- The Washington Times - Monday, March 21, 2005

NEW YORK — Cabaret singer Bobby Short, the tuxedoed embodiment of New York style and sophistication who was a fixture at his piano in the Carlyle Hotel for more than 35 years, died yesterday. He was 80.

Mr. Short, whose career spanned more than 70 years, died of leukemia at New York Presbyterian Hospital, said Virginia Wicks, his Los Angeles-based publicist.

As times changed and popular music shifted from Sinatra to Springsteen to Snoop Dogg, Mr. Short remained irrevocably devoted to the “great American songbook.” Tunes by Cole Porter, Duke Ellington, the Gershwins, Billy Strayhorn and Harold Arlen were his forte.

With his classic songs and suave presence, he entertained thousands over the years in the Carlyle’s Upper East Side boite.

He planned to make this his final year at the Carlyle but was far from retiring.

“The drill of five nights a week for 12 weeks at a time is something that no longer appeals to me. It’s too much,” he told Associated Press last year.

He soon had a change of heart.

“It was my decision at that time to step down. But I don’t believe in retirement, and I thought, ‘If I don’t work, what will I do,’” Mr. Short told The Washington Times in September, when he performed what would be his final engagement at the Kennedy Center (with the National Symphony Orchestra Pops).

Mr. Short was nominated for a Grammy in 2000 for “You’re the Top: Love Songs of Cole Porter.” In 1993, he was nominated for “Late Night at the Cafe Carlyle.”

When he first played the Cafe Carlyle in 1968, the Vietnam War was raging and Mayor John Lindsay was in City Hall. The quintessential “saloon singer” remained through another five administrations, becoming as familiar a New York landmark as the Empire State Building or Central Park.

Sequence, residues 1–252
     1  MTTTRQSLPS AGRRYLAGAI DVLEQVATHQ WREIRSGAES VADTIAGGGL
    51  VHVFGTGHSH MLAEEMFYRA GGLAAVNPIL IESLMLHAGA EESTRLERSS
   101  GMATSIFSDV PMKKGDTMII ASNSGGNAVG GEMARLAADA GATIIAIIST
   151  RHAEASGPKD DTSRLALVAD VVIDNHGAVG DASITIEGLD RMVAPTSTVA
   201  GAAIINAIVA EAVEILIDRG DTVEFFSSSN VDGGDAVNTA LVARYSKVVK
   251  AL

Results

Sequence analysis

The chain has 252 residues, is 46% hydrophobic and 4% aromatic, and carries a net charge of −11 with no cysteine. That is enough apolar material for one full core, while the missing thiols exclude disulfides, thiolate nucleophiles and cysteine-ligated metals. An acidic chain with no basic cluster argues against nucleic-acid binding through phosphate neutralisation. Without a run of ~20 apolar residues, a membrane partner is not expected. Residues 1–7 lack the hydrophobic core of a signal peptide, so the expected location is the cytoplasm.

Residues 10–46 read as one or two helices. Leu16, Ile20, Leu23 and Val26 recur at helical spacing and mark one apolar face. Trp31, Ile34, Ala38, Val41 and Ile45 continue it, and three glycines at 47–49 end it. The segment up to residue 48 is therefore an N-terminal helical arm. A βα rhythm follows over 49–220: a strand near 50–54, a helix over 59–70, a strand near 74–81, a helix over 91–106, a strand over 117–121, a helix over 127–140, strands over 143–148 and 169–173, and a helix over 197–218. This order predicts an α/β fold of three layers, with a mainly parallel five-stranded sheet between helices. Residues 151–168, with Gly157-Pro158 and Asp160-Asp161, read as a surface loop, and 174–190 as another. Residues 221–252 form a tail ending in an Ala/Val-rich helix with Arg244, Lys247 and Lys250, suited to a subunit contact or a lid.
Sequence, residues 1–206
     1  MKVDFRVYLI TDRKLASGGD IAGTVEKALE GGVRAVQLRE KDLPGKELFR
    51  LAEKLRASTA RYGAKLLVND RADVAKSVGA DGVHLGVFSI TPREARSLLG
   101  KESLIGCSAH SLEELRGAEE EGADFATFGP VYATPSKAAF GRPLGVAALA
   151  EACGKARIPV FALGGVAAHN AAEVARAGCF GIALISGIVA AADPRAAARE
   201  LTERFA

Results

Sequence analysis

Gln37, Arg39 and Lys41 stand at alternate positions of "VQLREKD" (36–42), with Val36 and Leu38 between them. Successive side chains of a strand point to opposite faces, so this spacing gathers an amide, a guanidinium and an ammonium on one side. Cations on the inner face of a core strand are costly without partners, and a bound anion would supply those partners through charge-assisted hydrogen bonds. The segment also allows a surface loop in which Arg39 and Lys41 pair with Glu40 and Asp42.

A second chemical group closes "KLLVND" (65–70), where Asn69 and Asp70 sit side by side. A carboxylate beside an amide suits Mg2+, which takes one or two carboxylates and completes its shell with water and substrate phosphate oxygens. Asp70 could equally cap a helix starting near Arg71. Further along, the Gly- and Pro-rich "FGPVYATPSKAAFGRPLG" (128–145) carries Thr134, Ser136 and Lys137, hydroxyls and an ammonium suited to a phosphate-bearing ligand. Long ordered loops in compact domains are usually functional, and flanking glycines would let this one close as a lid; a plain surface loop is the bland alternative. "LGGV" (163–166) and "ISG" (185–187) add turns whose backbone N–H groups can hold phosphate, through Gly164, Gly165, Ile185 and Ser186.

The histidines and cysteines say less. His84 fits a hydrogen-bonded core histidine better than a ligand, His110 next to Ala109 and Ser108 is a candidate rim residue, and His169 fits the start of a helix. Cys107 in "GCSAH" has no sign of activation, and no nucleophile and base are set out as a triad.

He appeared in the movies “Hannah and Her Sisters” and “Splash” and also the television miniseries “Roots” and the NBC drama “In the Heat of the Night.”

Robert Waltrip Short was born Sept. 15, 1924, the ninth of 10 children in a musically inclined family. By age 4, he was playing by ear at the well-worn family piano, re-creating songs heard on the radio.

By age 9, the self-taught pianist was performing in saloons around his Danville, Ill., home to earn extra money during the Depression. Even then, his material included Duke Ellington’s “Sophisticated Lady.” Within two years, Mr. Short graduated to playing Chicago under his nickname, the “Miniature King of Swing.”

He later performed in London and Paris, and his success overseas led to an album for Atlantic Records.

His Carlyle gig opened the door to even greater exposure, most notably an ad for Revlon’s Charlie perfume, which featured Mr. Short tickling the ivories and singing the praises of the fragrance. “That commercial ran for a long time, and I have a house in the south of France because of that ad,” Mr. Short said in his interview with The Washington Times.

Mr. Short hobnobbed with the upper crust, which included a friendship with Gloria Vanderbilt. He was one of just a handful of blacks to make it onto the elite Social Register.

In 1980, after Mr. Short appeared with Miss Vanderbilt in television ads promoting her designs, the noted heiress and fashion designer filed a discrimination complaint against the posh River House apartments, which had rejected her bid to buy a $1.1 million duplex. She claimed the board was worried that the black singer might marry her. She later dropped the suit.

Mr. Short, who never married, lived in Manhattan, sharing an apartment overlooking the East River with his pets. He is survived by his adopted son, Ronald Bell, and brother Reginald Short, both of California, Miss Wicks said.

R. Denise Yourse contributed to this report.

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